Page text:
I doubted whether I should put a question mark behind this title, but no. A healthy and balanced diet is important for everybody. But for people with Usher syndrome there is perhaps a little more to it. To date there has been little research done on the effect of diet on Usher syndrome, several doctors did give us specific diet advise for Jackson. Even if there is just the slightest indication that I can improve and/or prolong Jacksons vision through diet, you have my full attention!
I am a 80/20 girl. I try to eat healthy 80% of the time, so I can do what I like the other 20% of my time. I have never smoked, drink very rarely and love my daily runs. I don’t believe in diets, I believe in balance. I have always liked cooking and been interested in food all my life. As a kid and teenager, my mom let me experiment in the kitchen as much as I wanted. I am sure I have my love of food from her.
Ever since Jackson started eating solid foods, I have prepared him fresh meals. Not because I am a snob, but because I like doing it. I like to make him things, make him taste new stuff, textures and flavors. He inherited my appetite for food. You should see his eyes lit up whenever the word ‘food’ is mentioned. He eats with so much taste and joy, it just fills my heart (and that of everybody else witnessing it).
So the kid loves food. Good. Different doctors have pointed out that, although there is no medical proof (yet), certain foods might improve and/or prolong Jacksons vision. I tried to read up about it but it seems like a jungle out there. Vitamin A, omega 3, DHA, vitamin E, supplements, contradicting research results…
Here’s what I have learned: he should eat vegetables as much as possible. Carrots, sweet potatoes, spinach, kale and pumpkin provide vitamin A. Vitamin A is the most researched dietary recommendation, long-term studies have shown promise as a treatment for retinitis pigmentosa patients. The studies however did not include specific Usher syndrome patients, so it’s not really sure if they benefit from vitamin A as well. DHA (an omega-3 fatty acid) is most common in fish (salmon, sardines, shrimp) but can also be found in flaxseeds, walnuts, Brussels sprouts, cauliflower, broccoli and soybeans. DHA seems to enhance the effects of vitamin A as a treatment for retinitis pigmentosa.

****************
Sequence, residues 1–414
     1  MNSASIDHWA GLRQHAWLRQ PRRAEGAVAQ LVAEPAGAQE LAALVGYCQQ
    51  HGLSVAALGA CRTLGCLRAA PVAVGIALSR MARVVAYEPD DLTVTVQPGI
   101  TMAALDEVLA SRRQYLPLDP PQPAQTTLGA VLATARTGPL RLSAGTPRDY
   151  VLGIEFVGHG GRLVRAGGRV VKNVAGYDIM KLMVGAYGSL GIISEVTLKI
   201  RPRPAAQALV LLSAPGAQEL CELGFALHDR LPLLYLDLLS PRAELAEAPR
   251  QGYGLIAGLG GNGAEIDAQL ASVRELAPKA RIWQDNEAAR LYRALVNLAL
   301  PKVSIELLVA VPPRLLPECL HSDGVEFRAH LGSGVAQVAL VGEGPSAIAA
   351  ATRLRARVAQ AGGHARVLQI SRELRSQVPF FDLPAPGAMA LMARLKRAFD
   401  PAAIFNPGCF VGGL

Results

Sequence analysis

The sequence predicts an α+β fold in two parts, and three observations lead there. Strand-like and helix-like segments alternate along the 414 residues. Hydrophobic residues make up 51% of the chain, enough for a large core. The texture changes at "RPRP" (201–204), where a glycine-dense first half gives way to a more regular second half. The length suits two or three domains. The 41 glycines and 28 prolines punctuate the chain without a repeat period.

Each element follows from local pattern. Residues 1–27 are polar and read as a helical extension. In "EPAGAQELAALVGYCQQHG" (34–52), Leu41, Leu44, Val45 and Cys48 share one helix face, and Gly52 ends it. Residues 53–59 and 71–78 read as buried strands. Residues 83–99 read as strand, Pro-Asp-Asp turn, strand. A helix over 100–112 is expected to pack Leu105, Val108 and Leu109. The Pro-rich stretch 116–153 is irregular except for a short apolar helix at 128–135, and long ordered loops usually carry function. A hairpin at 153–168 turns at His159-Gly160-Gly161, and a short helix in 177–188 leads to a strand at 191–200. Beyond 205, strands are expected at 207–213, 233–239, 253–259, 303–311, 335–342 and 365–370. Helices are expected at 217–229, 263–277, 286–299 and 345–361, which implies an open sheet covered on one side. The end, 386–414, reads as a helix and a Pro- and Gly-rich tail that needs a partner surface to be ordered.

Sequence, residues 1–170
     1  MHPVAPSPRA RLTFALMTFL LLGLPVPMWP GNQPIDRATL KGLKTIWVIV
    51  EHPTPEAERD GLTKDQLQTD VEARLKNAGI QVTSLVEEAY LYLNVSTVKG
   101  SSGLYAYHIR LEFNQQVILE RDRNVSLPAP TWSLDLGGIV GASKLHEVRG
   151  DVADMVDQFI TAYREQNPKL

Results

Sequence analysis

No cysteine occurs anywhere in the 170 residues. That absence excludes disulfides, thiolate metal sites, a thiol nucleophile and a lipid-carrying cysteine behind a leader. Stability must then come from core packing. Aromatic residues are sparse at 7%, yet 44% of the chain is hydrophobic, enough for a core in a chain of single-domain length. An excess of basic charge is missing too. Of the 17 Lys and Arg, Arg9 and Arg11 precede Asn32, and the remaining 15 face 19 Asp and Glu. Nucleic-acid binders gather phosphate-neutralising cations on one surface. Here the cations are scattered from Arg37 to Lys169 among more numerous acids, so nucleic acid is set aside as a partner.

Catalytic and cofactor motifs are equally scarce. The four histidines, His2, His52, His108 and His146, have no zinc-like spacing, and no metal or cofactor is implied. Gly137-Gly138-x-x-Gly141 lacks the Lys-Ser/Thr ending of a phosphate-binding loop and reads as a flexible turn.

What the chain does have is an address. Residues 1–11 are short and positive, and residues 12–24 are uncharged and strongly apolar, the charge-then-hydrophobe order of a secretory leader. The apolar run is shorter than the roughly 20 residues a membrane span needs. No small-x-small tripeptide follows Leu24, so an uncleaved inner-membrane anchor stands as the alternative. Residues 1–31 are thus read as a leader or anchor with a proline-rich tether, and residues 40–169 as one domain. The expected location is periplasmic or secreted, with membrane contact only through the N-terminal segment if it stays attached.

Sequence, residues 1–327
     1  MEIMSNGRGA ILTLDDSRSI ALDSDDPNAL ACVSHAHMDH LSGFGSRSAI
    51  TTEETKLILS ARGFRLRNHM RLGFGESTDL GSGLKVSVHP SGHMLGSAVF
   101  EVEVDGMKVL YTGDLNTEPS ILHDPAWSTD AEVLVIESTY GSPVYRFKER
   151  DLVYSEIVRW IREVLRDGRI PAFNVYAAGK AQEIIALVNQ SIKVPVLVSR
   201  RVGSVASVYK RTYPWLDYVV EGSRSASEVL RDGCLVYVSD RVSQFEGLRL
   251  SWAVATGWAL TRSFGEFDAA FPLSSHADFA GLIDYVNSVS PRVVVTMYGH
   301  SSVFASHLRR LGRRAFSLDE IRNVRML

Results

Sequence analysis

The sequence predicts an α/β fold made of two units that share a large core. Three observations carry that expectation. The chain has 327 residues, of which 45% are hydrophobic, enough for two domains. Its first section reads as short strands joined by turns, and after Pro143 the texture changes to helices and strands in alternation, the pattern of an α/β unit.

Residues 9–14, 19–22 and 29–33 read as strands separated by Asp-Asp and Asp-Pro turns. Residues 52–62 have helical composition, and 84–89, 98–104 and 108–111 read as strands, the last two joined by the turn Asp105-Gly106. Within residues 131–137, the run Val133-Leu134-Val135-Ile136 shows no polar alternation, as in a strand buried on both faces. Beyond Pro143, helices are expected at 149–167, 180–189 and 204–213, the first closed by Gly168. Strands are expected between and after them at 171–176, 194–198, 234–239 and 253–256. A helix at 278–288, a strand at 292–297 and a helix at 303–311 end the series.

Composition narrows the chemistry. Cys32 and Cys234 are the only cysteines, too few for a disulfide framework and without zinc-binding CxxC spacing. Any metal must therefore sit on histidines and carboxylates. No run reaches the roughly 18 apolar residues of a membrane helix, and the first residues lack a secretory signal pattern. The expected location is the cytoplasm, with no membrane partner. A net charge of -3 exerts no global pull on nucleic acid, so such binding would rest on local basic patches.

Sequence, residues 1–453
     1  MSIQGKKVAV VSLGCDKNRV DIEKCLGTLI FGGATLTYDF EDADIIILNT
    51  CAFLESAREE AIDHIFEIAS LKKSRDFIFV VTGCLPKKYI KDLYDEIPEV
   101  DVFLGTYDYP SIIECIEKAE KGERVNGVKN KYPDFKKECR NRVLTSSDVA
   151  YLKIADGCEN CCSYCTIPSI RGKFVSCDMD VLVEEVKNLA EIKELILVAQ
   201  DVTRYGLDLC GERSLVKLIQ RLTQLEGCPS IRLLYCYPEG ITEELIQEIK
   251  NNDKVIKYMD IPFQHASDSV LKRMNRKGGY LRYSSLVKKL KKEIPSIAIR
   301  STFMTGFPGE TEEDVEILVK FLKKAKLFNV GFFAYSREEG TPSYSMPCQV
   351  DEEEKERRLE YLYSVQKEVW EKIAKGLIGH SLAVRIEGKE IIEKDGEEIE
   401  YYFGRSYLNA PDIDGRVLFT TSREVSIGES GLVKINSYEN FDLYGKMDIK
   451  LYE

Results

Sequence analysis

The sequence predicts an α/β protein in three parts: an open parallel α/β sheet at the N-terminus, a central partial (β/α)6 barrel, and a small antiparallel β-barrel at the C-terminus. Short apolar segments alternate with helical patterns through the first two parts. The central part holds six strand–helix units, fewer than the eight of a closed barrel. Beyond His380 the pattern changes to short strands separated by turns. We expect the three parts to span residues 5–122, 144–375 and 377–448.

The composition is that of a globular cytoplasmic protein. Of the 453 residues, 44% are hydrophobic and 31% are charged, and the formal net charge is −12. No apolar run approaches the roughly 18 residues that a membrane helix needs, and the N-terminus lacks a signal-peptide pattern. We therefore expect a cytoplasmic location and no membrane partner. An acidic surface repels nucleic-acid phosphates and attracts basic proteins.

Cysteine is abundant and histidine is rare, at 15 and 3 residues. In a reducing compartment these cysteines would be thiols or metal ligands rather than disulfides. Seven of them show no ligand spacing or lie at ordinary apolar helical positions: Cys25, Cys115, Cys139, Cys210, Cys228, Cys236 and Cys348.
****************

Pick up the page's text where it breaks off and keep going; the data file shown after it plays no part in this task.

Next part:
These nutrients have been an important part of my diet for years, and I have naturally integrated them in my sons’ diet before knowing all of the above. Lucky me. I know a lot of parents who struggle to feed their kid(s) vegetables and/or fish. Jackson eats veggies at least twice a day, he loves salmon, prefers edamame beans over M&M’s (not sure how long that will last…). Of course he also eats pancakes, cookies and chocolate. He is a kid, he should. But at home the pancakes are made with oats, banana and apple. I try various recipes for cookies and muffins, so at least I control what’s in them. You can smuggle vegetables in almost everything. His favorite burgers are made with broccoli, cauliflower and chickpeas. You can make perfect chocolate brownies with sweet potatoes and muffins with carrots or zucchini.
Knowing what I know now, and encouraged by the doctors, the importance of a healthy and balanced diet is even more important to me and my family. It seems like such a small effort to make, one that possibly may have a huge impact on my sons future. And if not, all I did was feed him well.
I am not a nutritionist, so I am also reaching out to you here. What’s your experience? What did your doctor tell you? What did you find online or read about having Usher and your diet? Do you give your child any supplements? I am interested to hear more on this subject.